I’m a grumbler. Why does my hip hurt so much today, why didn’t that editor respond to my query, why is our government run by madmen and thieves? I’m so used to my brain’s radio playing Classic Grouch in 24/7 rotation that I can barely hear it, even though my legs dance to it.
But once in a while, when fresh winds blow from a different direction, when my closed lids see that there’s actually a rainbow of colors, when I get out of my own #$%!@&^!! way, I realize that this life stuff might be OK. That there might be good reason to cheer, to celebrate, to acknowledge.
I was reminded of that in a church soup kitchen in the small town of Cotacachi, Ecuador a few days ago. My galpal Alice and I are house-sitting for a month in Cotacachi, at the home of some expats from Atlanta. Cotacachi has many charms, friendly folks, good food, famed leather-goods artisans, and some beautiful surroundings at 8,000 feet in the Andes.
A Little Means a Lot
But all places have their poor. Before our Atlanta homeowners left for a stateside visit, they took us to the Lugar de Esperanza (Place of Hope) soup kitchen where they volunteer to help with food preparation, serving and cleanup of a large breakfast meal to 50–60 indigenous seniors from the town and surrounds.
Most of these people have very little: tiny incomes, tough living conditions, scant belongings. A few even walk a couple of hours to get the meal, which might be their only meal of the day. Some of them are barefoot. The volunteers first hand out vitamins to the gathered souls in the church courtyard, and then they proceed into the soup kitchen building to sit in rows at long tables.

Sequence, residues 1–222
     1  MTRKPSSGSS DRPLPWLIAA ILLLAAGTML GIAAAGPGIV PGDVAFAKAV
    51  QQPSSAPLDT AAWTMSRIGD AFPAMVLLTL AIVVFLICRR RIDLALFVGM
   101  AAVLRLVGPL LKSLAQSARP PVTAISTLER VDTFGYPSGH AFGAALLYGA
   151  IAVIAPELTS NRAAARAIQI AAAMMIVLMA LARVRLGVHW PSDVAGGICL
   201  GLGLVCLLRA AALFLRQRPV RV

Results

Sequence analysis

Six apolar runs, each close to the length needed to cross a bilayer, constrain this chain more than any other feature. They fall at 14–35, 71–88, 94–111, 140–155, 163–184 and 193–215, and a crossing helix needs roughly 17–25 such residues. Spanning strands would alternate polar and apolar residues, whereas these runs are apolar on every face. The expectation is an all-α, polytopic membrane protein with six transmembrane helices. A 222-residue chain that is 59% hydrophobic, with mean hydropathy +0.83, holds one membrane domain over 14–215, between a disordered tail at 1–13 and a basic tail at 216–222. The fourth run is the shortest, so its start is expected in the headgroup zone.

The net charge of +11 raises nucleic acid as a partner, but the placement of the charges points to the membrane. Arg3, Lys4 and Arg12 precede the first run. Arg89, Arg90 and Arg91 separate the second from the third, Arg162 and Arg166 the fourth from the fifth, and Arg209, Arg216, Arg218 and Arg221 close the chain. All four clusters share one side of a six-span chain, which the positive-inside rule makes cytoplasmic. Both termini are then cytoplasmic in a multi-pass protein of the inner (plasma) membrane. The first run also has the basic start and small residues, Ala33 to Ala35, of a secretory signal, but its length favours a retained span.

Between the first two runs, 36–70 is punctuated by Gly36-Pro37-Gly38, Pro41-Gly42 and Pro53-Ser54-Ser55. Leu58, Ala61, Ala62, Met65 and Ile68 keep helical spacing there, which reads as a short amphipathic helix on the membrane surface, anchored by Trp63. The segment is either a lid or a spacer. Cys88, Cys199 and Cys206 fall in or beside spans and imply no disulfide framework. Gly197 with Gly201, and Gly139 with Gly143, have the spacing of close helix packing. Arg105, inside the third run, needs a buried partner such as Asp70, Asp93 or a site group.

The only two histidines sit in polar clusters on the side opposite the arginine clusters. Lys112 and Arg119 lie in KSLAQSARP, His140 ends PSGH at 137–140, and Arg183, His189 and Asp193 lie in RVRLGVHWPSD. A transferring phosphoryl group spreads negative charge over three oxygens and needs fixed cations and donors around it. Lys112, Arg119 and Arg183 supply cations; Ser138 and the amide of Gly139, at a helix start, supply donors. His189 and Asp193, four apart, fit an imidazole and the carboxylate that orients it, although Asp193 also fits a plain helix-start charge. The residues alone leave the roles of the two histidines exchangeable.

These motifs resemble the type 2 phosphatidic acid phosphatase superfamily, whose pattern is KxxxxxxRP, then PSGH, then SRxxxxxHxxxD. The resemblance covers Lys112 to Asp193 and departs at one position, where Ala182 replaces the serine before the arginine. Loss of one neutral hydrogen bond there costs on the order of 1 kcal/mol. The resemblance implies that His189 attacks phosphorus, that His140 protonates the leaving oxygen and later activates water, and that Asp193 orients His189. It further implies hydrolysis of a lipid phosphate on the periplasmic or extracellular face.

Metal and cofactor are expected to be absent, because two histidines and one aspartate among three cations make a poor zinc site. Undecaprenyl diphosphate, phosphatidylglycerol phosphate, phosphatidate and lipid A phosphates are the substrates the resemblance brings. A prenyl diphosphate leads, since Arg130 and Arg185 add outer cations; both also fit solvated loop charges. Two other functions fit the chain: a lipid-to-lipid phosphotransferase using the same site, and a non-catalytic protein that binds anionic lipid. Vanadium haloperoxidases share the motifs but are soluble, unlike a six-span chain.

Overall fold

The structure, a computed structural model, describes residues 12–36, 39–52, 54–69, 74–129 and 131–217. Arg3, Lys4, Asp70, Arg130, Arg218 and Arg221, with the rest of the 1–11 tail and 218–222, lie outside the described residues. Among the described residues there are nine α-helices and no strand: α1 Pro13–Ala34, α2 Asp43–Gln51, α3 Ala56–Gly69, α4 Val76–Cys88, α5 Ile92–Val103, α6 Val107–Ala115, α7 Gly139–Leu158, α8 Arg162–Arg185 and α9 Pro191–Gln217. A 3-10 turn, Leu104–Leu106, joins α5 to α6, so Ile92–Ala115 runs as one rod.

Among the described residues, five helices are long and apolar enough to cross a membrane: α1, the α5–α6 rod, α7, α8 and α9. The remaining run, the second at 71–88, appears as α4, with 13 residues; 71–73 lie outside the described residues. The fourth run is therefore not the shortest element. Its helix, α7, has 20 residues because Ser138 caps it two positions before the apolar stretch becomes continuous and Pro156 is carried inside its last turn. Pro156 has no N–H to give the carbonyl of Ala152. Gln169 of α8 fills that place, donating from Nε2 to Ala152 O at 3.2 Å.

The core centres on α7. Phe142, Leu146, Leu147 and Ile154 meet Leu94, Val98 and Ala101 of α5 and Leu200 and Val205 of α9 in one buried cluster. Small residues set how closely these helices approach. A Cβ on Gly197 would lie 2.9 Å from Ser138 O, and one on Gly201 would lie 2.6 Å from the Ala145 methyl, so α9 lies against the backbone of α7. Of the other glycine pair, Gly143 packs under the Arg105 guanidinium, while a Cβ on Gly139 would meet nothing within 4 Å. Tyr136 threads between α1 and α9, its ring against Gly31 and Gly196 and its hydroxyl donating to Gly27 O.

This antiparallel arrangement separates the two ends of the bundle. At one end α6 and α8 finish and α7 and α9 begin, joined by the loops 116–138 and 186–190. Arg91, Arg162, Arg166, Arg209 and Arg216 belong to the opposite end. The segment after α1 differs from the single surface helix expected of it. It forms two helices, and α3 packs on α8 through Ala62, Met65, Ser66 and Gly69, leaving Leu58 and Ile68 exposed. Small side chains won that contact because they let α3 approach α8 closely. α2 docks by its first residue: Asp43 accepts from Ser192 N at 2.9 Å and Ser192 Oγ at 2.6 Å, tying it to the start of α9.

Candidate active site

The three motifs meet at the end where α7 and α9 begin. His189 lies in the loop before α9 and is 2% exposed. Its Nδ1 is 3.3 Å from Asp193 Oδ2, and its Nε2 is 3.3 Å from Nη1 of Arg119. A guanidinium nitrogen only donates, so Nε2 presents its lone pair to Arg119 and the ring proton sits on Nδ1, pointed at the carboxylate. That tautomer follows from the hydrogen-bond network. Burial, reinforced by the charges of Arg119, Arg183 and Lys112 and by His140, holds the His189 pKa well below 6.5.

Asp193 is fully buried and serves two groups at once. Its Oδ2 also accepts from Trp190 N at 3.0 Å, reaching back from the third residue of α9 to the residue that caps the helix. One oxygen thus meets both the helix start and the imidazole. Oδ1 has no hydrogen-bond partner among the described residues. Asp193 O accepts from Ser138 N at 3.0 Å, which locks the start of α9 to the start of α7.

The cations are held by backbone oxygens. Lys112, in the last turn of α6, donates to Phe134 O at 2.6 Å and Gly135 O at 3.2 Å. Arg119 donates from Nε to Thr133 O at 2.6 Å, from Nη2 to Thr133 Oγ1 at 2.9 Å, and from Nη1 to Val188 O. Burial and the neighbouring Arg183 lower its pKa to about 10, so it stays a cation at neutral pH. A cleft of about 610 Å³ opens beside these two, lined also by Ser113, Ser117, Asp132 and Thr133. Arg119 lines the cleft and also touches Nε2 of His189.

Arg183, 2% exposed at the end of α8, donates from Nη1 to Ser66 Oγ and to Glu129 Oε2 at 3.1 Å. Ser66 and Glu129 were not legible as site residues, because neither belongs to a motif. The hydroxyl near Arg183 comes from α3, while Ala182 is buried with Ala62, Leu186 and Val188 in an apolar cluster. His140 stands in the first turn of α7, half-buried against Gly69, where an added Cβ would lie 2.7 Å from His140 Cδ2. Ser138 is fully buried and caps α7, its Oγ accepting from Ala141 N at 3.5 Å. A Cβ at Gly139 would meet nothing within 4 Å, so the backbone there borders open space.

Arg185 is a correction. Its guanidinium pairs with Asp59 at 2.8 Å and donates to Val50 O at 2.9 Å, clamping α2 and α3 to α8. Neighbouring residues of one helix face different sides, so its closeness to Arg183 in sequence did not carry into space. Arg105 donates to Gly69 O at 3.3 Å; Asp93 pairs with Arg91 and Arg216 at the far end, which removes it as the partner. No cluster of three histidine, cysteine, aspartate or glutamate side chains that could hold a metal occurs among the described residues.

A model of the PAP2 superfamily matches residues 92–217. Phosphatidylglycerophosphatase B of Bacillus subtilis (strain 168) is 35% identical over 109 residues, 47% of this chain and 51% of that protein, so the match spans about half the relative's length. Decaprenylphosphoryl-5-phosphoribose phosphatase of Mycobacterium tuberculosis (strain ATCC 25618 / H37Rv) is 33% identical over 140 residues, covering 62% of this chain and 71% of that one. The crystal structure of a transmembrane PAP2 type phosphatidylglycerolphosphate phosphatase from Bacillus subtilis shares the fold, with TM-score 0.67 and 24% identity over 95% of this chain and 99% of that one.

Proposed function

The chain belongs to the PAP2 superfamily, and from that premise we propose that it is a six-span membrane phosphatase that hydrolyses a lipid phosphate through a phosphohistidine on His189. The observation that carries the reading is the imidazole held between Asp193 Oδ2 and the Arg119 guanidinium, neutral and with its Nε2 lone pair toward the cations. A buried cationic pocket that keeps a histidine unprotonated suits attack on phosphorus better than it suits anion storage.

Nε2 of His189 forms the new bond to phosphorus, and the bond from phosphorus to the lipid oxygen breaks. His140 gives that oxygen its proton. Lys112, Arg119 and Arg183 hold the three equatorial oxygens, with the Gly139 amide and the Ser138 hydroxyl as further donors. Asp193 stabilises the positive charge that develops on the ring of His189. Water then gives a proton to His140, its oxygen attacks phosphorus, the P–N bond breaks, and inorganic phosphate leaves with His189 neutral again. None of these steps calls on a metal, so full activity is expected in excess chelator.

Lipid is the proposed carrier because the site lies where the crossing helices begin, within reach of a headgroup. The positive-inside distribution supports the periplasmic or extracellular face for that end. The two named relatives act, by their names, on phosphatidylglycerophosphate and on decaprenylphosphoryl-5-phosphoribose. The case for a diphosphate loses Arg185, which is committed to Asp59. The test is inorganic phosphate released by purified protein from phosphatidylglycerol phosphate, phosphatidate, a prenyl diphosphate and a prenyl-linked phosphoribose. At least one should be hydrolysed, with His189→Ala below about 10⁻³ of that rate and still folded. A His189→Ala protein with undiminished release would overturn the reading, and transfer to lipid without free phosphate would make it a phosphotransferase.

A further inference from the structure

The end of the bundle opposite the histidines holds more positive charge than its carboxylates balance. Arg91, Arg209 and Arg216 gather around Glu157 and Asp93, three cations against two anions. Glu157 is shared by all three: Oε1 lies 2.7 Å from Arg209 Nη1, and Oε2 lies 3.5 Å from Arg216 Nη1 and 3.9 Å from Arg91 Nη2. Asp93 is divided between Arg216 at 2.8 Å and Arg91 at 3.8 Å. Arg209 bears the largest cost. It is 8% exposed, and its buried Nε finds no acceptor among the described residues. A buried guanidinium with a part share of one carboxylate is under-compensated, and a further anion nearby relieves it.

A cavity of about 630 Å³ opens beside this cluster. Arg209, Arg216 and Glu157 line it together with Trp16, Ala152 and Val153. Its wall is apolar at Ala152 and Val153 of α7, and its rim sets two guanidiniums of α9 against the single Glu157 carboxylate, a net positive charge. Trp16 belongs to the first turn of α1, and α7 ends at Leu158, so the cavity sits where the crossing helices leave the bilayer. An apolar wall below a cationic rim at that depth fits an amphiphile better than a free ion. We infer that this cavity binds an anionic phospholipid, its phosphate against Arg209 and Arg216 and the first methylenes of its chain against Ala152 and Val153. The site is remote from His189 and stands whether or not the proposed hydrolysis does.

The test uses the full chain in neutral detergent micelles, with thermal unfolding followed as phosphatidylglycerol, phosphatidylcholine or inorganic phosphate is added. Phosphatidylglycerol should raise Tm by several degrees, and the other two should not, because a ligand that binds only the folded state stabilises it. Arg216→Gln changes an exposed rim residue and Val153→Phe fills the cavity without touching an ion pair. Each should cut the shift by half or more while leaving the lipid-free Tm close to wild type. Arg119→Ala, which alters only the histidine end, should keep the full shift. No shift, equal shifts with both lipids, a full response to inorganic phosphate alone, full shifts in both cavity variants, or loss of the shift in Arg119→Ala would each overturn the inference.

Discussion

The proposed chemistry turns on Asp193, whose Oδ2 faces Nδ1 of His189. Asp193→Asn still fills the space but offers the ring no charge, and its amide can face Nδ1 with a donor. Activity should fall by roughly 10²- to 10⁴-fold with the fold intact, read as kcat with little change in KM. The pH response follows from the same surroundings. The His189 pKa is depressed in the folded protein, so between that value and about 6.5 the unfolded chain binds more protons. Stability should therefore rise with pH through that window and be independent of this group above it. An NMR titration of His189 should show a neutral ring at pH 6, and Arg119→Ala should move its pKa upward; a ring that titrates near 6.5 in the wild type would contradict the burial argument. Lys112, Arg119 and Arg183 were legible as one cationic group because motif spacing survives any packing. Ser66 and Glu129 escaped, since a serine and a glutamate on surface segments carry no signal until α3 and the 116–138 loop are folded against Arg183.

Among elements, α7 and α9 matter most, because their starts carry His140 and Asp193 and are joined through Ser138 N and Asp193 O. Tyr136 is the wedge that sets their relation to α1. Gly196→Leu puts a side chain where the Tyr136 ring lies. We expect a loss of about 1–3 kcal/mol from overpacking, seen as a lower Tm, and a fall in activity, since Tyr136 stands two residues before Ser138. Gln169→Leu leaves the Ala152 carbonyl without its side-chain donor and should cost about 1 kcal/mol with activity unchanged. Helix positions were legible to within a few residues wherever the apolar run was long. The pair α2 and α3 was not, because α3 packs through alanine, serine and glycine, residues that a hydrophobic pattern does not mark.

On their way to the building, nearly all of them greeted Alice and I, clasped our hands and smiled and laughed. My Spanish is bad enough, but my Quechua (and all the variants) is non-existent. However, the communication was clear—good cheer and gratitude in all the faces, the body language, the talk among themselves.
They sat at the tables and chatted, and waited patiently waiting for grace to be said by one of the breakfast recipients. At the end of the meal, they filtered out, some with leftover food, again clasping our hands and nodding and thanking us, in Quechua and Spanish. One old guy even kissed my cheek when I bent to shake his hand.
Gratitude Is Better Than Kale
I’m used to my regular meals, my shelter, my health. It’s easy to forget just how good I have it;
gringo privilege is as unconscious as that grumpiness I mentioned. But the thin air up here in Cotacachi let me see clearly that gratitude is an attitude, one that can be encouraged and summoned and cultivated. And my goodness, it can even be good for you.
Alice went back and helped serve one of the meals a few days later; I hope to do it as well. She reported that the group was much the same, in manner and attitude. They appreciated the breakfast, and felt appreciated by the volunteers who appreciated them, a two-way street. That’s a street I need to drive on more often.